My mom likes to worry. Being the mother of two strong young boys in my brother and I, she had a lot to worry about growing up. We would get into fights and test her patience. Here and there, she would put down rules but in the end, the madness of young testosterone couldn’t be stopped. She worried too much. When it was all said and done, my mom couldn’t help but worry. These days, I worry about my son Vinny in the same manner. As humans we like to worry because it is what we do. Baseballs fans take it to a whole new level.
Remember when we were worried about Adam Wainwright a couple of weeks ago? He had been quite human since the All Star Break after a superhuman first half of the 2014 season. His curveball was hanging. His fastball was easily timed. He pitched quality games but didn’t go deep into them often or dominate other clubs. Cardinal Nation panicked and the writers tried to conjure different ways of saying, “Keep Calm and Carry On” while grimacing in the background. What would happen to the Cards if Waino wasn’t himself for a prolonged period of time? What if that period of time stretched far into September as the Cards battled it out six shooter like with The Pirates and Brewers for the N.L. Central division? When your ace isn’t himself, the team eventually plummets.
Well, that worrying has been put to rest. Adam Wainwright pitched a complete game on Wednesday night. He struck out 5 Brewers, walked 1 and scattered seven hits. He needed 102 pitches to do it. It was his third shutout of the year and fifth complete game. When the Cards needed a big stop, Waino gave it to them. That is what aces do. There is something special about watching a prime Wainwright work. He has a swagger on the mound. He gets the ball and has no pause in his delivery. Everything is precise and deliberate. His dominance came at a perfect time. In a time of need with the Brewers gathering momentum after Tuesday’s extra inning win and facing desperation, Wainwright batted them down and reminded them how hard it is to topple the Cardinals when things are clicking. It was the second time in 10 days that Waino pitched a complete game victory over the Brewers.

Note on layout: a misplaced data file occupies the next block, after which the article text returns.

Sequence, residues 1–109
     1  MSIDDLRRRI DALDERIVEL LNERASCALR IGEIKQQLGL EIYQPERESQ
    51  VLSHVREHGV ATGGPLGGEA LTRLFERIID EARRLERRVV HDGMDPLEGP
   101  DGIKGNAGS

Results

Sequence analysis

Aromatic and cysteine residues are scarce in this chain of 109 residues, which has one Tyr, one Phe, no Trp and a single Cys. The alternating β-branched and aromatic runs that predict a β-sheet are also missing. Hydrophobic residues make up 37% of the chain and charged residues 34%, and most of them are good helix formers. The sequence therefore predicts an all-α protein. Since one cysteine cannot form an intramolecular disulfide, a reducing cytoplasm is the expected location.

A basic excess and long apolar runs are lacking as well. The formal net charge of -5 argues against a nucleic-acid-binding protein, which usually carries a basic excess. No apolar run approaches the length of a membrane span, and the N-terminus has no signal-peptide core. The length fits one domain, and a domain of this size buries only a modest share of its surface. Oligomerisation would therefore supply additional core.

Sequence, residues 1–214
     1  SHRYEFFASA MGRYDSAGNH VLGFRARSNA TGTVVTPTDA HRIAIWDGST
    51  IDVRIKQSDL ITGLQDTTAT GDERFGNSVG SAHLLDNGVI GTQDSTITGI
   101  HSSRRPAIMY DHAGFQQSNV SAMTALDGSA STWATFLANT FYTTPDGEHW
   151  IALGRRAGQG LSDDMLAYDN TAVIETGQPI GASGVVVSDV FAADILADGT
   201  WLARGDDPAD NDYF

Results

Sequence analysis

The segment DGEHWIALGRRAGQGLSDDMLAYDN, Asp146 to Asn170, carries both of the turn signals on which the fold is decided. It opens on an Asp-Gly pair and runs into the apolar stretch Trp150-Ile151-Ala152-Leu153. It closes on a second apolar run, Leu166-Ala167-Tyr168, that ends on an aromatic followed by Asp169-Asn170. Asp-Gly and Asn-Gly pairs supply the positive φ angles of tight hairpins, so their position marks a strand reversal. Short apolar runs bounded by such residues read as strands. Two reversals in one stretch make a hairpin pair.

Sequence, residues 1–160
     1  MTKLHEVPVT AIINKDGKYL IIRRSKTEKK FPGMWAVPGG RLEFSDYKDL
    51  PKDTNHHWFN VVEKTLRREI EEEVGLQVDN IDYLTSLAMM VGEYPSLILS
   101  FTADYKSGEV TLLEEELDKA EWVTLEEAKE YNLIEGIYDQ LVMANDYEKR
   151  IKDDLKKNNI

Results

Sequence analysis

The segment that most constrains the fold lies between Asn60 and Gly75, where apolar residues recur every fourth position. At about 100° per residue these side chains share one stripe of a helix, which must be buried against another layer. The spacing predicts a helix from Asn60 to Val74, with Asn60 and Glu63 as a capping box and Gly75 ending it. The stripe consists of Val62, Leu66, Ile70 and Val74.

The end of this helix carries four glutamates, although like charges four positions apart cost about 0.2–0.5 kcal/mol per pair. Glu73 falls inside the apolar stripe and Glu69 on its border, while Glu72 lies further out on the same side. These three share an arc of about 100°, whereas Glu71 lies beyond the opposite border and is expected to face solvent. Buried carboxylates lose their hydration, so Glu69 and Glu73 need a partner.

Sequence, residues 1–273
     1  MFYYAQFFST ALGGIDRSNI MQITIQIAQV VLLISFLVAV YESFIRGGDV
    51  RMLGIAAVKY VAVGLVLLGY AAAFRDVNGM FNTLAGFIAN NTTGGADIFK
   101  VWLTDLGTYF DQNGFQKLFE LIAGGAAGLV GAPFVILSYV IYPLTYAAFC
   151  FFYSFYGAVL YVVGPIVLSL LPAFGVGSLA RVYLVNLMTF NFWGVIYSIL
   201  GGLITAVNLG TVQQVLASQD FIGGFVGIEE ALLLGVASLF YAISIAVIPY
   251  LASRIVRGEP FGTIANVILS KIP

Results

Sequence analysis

Waino has been superb this season against his Central opponents.
Reds-2 starts, 15 innings, zero earned runs allowed.
Pirates-5 starts, 2-2 record, 2.38 ERA, 34 innings pitched.
Brewers-4 starts, 3-1 record, 2.97 ERA, 2 complete games, 30.1 innings pitched.
After an August where Wainwright’s ERA was 5.17, he has delivered three shut down starts in a row. The complete game on the getaway Sunday in Milwaukee to stamp a four game set win. An eight inning outing against the Colorado Rockies that could have easily been a complete game. Wednesday’s performance was the final piece of the puzzle for the cynics who thought Waino would come back to earth and revert back to his troubling form.
For all the troubles he faced for a few weeks, Waino’s numbers are still quite strong heading into his final 2 starts. Cy Young award worthy even.
19-9 record. 2.45 ERA. 171 strikeouts to 49 walks. Averages 102 pitches a game. 220 innings pitched. 1.05 WHIP. Opposing batters only hitting .225 against him. 7 complete games in the last three years. Those are Cy Young caliber numbers that will fall short again due to Clayton Kershaw’s excellence. A rough patch may have cost Waino in 2013. A rough patch and a lack of run support in the first half could doom his chances in 2014. Who cares? He is pitching for a World Series and not a precious individual award. Remember in October of 2013 who was standing over Kershaw in Game 6 of the NLCS? It was Michael Wacha, the second coming of Waino with a good dose of Chris Carpenter. In the end, it doesn’t matter who wins the Cy Young. It matters who wins the pennant and the World Series. Those are the legacy prizes players covet. The right players, like Wainwright and former Cardinal Albert Pujols, always knew what they were fighting for.
Ask Waino if he would rather have the two World Series titles or two of Kershaw’s Cy Young awards? Sure, Waino was a reliever in 2006 and was sidelined in 2011, but still, he pitched his team into serious contention in 2012 and 2013. He would prefer the premium hardware.
When the media talked to Waino at the Winter Warmup, he was still a little bitter about the World Series. While admitting the Red Sox were the better team and beat the Cards straight up, one could tell he wanted to get another shot at the Fall Classic and even the score. Beating the Red Sox on August 7th was a small token prize, even if the team barely represented the 2013 powerhouse. For Waino, the World Series is the ultimate goal. Cy Youngs are nice and all, but the trophy raised in late October is the biggest trophy of them all.
Wednesday night, Cards fans witnessed an ace returned to the pinnacle of dominance. There is winning and that’s fine. Kyle Lohse, tonight’s starter for the Brewers, knows about winning. Dominating is an entirely different thing. A pitcher takes the mound, takes the ball, and gives his team every chance to win. Sometimes, they do a little more. In addition to his complete game, Wainwright broke up Mike Fiers’ no hitter Wednesday in the 6th inning. A lot of pitchers are good enough. Adam Wainwright is great. Sometimes, fans take him for granted. I do my best to remember the kind of pitching he has demonstrated over the past two weeks.
Just put a badge on his chest and watch him go to work.